Handling Credit Card Charges in QuickBooks

I’m frequently asked how to handle credit card charges in QuickBooks. There are basically two ways to handle it.

First is to simply have the credit card institution set up as a vendor. Then when the credit card statement comes in, enter the bill, allocating the different charges to your different expense accounts, like office supplies, materials for jobs/projects, meals, etc.  With this method, you don’t need to enter the individual charges, just the totals for the different types of expenses.

The other method is to set up a credit card account in your QuickBooks.  Then you can enter charges as you incur them, download the charges from the credit card website or you wait until you have your statement and then enter credit card charges.  (Personally I prefer entering the charges periodically, like weekly; it tends to make the credit card a more manageable task and is easier to monitor account balance.)

With this second method, you can reconcile your credit card account like your bank account. The difference will be at the end, when you click on Reconcile Now. QuickBooks will ask if you want to write a check or if you want to enter a bill. Whichever method you select, QuickBooks will automatically assume you want to pay in full but you can change the amount if you want. I tend to write the check rather than enter the bill and postdate the check, assuming I’m not going to pay immediately. If you choose to enter the bill, QuickBooks will reduce the amount on a credit card and increase your Accounts Payable. While that is still fine from an accounting standpoint, most people think in terms of how much do I owe on a credit card and when part is sitting in payables instead of the credit card, you may think you have more available than you actually do. Subsequently, I find that with writing the check, there’s no confusion.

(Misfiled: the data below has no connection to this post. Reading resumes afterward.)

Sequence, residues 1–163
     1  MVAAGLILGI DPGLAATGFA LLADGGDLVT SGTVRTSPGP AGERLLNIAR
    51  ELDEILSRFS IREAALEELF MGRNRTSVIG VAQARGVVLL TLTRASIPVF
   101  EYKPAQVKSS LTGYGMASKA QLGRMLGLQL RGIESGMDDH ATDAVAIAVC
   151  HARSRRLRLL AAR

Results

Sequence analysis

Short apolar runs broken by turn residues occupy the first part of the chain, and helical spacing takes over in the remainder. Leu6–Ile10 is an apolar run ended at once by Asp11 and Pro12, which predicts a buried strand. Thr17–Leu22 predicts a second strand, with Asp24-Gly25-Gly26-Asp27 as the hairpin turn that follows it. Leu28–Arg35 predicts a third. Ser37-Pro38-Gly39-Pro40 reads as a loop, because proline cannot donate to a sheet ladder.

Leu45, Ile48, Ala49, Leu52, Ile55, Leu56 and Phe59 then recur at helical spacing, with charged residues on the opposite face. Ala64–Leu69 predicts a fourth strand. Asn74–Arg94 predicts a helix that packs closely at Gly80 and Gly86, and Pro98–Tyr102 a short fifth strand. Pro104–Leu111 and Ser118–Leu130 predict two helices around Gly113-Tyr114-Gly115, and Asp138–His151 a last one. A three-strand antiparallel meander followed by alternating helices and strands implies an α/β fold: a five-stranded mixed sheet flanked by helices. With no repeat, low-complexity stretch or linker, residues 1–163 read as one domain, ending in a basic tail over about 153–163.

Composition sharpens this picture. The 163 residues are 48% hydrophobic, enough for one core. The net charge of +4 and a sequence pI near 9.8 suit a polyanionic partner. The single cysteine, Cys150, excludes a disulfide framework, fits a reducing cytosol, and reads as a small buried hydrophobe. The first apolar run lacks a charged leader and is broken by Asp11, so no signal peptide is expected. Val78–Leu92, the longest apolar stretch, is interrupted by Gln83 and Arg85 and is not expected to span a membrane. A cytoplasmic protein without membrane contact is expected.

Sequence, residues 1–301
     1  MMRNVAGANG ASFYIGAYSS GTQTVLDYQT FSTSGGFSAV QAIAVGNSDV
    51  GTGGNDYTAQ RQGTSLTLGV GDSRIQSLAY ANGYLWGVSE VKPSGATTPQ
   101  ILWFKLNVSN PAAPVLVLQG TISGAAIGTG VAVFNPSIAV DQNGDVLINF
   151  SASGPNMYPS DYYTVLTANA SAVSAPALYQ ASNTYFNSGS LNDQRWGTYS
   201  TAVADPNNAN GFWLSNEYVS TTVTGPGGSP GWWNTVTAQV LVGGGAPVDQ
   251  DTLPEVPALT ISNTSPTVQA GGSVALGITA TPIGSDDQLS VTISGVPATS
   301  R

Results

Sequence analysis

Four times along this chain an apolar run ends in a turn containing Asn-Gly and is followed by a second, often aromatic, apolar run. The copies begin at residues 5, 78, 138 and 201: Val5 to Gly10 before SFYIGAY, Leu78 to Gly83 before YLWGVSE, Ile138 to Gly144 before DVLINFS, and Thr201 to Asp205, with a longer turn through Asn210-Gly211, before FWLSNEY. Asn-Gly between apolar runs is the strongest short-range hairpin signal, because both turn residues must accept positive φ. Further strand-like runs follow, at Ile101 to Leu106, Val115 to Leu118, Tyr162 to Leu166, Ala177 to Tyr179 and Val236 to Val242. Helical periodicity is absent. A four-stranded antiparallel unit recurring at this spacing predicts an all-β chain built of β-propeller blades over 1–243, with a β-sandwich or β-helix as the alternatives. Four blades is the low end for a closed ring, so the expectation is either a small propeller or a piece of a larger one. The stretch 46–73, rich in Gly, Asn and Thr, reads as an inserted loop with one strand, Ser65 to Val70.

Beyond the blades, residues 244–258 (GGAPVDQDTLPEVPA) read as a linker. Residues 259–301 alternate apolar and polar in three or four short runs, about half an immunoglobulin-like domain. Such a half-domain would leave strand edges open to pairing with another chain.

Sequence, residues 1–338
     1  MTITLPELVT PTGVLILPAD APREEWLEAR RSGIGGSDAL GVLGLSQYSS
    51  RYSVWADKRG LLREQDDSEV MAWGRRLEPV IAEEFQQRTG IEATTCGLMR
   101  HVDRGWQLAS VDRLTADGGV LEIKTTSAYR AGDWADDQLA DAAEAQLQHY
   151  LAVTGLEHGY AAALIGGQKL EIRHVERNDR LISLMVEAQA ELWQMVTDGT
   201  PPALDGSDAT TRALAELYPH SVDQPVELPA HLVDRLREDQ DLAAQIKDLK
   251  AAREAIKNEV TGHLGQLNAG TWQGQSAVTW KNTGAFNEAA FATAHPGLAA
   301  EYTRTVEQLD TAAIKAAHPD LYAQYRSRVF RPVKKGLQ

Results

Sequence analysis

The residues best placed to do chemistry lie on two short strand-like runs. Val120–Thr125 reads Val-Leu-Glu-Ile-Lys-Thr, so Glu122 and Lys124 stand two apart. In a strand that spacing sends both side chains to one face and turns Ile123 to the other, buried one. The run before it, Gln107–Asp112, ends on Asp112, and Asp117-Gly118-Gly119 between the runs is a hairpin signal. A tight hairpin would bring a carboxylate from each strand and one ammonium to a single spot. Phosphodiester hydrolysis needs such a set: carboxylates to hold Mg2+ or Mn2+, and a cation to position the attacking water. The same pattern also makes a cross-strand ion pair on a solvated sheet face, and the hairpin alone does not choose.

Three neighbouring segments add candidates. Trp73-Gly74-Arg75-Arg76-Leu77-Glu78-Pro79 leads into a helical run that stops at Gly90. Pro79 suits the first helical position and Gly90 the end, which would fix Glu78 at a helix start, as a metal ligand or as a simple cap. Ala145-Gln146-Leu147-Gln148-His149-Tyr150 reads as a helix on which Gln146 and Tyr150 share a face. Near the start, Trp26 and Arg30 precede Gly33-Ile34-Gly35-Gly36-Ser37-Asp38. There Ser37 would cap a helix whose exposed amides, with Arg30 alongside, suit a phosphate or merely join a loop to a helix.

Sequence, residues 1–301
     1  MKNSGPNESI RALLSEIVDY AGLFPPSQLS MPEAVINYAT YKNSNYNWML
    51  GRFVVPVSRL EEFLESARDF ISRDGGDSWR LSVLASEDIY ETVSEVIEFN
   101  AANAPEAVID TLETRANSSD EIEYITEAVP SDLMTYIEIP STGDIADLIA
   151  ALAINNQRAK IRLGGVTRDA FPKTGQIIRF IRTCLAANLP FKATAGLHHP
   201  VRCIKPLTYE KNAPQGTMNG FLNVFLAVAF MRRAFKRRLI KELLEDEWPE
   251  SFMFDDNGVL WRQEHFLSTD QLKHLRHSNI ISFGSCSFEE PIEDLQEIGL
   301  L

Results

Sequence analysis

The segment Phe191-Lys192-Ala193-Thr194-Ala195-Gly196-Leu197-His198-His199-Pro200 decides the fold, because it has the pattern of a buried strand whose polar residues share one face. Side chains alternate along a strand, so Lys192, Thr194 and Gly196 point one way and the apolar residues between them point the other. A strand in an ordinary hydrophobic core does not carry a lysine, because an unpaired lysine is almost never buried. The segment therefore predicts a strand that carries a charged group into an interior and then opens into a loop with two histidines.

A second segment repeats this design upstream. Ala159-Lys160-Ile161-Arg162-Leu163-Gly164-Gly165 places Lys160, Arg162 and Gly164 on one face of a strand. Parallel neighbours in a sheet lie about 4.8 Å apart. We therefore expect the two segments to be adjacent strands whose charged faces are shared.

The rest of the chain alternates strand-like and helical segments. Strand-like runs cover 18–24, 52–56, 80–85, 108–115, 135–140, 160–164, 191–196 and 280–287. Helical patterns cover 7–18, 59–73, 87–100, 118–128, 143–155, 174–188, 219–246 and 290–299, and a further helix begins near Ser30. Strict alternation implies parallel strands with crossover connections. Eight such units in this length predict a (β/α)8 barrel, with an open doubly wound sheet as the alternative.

So which method is best for you?  It depends.  If you do not always pay in full, I recommend the second method; it will be easier for you to track what you actually owe.  If several people in the company have cards, it might seem like too much work to enter the individual charges, so perhaps the first method would work better.  Charges that are for customer projects/jobs should be listed separately so you can invoice the customer and get your job costing information. So, in those cases, I suggest a combination method – enter the “essential” individual charges (for client jobs) and then enter a consolidated charge (like one line for total office supplies, another line for meals, etc.).

Which method do you use?  If you want more specific help on credit cards, let me know.

This entry was posted in QuickBooks and tagged , , , , . Bookmark the permalink.

Leave a Reply

Your email address will not be published. Required fields are marked *